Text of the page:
2. Next, I folded the tubes in half and slipped one around the other. I put a pin where CF landed just to keep things together for the next step. From the wrong side of the twist, put right sides together on one side of the twist and serge or stitch as far as you can before you hit the twist itself. Repeat on the other side. I then gathered the sides of the twist which is really clearly there on the Boden top. I made sure I had extra length to play with in case the twist ended up being too tight. I figured it’d be easier to fix it if it were drooping than the other way around. I basted the twist under the empire seam into place and basted the side seams to check the fit and placement. With my particular jersey, I had about an extra 5/8″ that eventually had to get whacked off the sides of the twist. I got the placement where I wanted it the second time and cut off the excess before I serged the side seams.
3. I tacked down the center of the twist at CF so that it wouldn’t droop and so that it would still cover the empire seam. You’re really going to want to do this because even if you hemmed and made a single layered twist, it’s going to be heavy, and anchoring it helps distribute that weight so the poor side seams aren’t having to do all of that work. Also, I didn’t want the empire seam showing since the twist already provides a horizontal line–it seemed too busy, and I’m all for disguising empire lines in general.
I flatlocked the seams as I’ve been doing lately because it’s ultra fast and produces a really nice finish on the inside–nicer than a twin needle, but mostly just faster because I can use my serger for the whole thing. To do so, change your tension for flatlocking (0 on your needle, the highest on the loopers or at least higher than normal) you press up your hem then treat it like a blind hem. Though, watching some of the Power Sewing videos, Ron Collins showed the same method without switching the tension settings for flatlock, so you just get a seamed hem. I will definitely try this the next time I feel like serging a hem.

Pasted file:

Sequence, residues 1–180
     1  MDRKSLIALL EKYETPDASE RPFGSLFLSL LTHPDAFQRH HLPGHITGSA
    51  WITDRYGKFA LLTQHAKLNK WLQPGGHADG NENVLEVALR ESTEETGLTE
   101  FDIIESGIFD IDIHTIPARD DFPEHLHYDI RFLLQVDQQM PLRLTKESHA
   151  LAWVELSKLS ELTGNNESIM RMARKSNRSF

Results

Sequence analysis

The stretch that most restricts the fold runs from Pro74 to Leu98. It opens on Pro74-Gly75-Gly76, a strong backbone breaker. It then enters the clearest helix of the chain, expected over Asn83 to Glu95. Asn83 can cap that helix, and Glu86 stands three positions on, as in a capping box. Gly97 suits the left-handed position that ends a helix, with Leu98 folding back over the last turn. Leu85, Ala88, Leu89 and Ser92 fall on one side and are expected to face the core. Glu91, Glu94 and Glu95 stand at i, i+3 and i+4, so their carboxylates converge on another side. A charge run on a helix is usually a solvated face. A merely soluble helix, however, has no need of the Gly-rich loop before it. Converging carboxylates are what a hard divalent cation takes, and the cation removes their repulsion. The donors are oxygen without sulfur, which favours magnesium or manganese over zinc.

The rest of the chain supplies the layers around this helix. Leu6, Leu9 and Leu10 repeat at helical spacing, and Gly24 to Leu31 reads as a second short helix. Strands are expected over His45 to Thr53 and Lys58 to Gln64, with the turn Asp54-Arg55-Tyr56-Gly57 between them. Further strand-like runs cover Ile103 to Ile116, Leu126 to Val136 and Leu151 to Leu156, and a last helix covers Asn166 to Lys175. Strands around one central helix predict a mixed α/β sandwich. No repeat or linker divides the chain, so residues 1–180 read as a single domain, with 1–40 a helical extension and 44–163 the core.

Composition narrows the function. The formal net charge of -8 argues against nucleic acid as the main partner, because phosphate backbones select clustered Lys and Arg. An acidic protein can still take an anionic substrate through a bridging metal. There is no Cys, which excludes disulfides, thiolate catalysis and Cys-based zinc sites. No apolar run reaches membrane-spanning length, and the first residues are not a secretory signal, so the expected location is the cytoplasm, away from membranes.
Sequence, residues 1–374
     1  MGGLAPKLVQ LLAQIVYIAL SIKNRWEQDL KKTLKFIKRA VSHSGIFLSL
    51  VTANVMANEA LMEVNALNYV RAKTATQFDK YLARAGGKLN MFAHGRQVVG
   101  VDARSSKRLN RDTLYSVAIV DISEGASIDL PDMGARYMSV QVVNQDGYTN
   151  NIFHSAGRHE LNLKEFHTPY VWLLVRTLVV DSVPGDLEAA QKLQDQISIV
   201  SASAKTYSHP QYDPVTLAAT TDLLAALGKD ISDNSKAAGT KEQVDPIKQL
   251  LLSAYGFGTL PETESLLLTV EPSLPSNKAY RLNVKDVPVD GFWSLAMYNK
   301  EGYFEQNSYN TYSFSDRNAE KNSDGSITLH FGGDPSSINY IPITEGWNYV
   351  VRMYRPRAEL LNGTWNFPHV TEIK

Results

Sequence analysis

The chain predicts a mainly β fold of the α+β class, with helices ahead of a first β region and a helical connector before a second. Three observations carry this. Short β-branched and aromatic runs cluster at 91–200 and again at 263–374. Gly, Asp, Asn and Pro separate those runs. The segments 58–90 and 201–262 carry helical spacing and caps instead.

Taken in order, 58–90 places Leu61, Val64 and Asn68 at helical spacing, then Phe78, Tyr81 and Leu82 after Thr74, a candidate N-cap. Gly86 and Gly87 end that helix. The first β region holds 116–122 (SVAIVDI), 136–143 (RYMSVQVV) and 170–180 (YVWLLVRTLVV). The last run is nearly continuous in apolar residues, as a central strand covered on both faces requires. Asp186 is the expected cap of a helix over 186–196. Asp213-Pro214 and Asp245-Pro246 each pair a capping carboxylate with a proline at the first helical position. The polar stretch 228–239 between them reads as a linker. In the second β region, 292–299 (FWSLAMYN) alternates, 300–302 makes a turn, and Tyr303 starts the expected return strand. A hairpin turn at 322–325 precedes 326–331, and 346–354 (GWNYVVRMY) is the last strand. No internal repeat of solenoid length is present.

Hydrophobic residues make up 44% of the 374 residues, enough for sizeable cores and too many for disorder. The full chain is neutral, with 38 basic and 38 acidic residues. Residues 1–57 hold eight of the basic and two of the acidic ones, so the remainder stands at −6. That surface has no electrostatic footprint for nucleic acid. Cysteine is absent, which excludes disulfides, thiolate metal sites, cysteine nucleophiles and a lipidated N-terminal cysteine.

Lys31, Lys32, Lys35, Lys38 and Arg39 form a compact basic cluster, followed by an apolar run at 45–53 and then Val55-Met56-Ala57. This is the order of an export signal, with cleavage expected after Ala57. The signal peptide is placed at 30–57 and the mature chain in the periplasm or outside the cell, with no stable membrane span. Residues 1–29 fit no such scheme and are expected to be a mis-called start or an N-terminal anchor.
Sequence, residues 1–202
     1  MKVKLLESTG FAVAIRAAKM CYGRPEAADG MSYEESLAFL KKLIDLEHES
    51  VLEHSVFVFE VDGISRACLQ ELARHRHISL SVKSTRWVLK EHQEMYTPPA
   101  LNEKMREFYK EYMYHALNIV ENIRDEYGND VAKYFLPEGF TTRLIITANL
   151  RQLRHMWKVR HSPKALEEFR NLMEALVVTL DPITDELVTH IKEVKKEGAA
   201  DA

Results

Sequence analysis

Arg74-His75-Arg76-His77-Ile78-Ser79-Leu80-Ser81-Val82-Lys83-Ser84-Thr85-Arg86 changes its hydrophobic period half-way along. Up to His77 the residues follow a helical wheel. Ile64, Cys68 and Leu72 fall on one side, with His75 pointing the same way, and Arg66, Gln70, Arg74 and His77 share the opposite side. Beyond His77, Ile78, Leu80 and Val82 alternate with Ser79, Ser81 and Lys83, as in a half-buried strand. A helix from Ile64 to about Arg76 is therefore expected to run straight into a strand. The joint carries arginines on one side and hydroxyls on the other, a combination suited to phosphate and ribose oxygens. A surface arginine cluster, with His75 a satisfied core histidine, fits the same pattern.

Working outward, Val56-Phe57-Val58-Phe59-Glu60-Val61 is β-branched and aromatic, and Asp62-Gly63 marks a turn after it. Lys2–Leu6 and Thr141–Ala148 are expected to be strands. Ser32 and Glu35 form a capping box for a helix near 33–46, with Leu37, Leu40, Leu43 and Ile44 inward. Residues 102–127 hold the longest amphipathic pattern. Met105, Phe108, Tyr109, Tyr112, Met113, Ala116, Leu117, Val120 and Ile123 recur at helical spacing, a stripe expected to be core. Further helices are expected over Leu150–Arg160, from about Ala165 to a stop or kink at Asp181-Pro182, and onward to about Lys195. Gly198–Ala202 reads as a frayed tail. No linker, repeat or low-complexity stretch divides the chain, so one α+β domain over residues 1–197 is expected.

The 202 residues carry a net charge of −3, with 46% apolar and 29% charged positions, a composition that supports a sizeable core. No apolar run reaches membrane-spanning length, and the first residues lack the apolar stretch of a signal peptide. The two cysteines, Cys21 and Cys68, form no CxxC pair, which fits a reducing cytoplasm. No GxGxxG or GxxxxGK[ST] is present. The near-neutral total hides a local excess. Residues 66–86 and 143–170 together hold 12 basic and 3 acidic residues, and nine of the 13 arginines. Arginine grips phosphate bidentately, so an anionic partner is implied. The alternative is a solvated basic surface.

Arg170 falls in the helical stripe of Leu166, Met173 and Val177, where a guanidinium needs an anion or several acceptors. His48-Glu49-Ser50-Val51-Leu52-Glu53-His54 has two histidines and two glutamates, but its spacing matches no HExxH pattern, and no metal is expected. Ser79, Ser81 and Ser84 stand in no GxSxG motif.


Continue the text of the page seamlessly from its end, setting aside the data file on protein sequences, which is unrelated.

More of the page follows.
I don’t think I need another one of these tops as my short-waistedness makes me feel a little Princess and the Pea about anything around my midsection. I should have noticed the proportion difference between me and the Boden model, but the twist kind of blurs that. I’m sure if I were to try on their regular version of this top (they do make a petite version too), it’d be something like tunic length on me. I’m not disappointed though. I think part of creating is figuring out what works for you and what’s better on someone else. You tall and long waisted people, this is a great choice for you!
As for me, I’m still enjoying my version with my linen shorts today with friends and all our kids at the Train Museum for MMM ’12, day 10. It was hot and sunny, but a nice day for crawling around inside of trains. And as predicted, I’m really glad for the breathe factor of the linen.
My review of the top is here.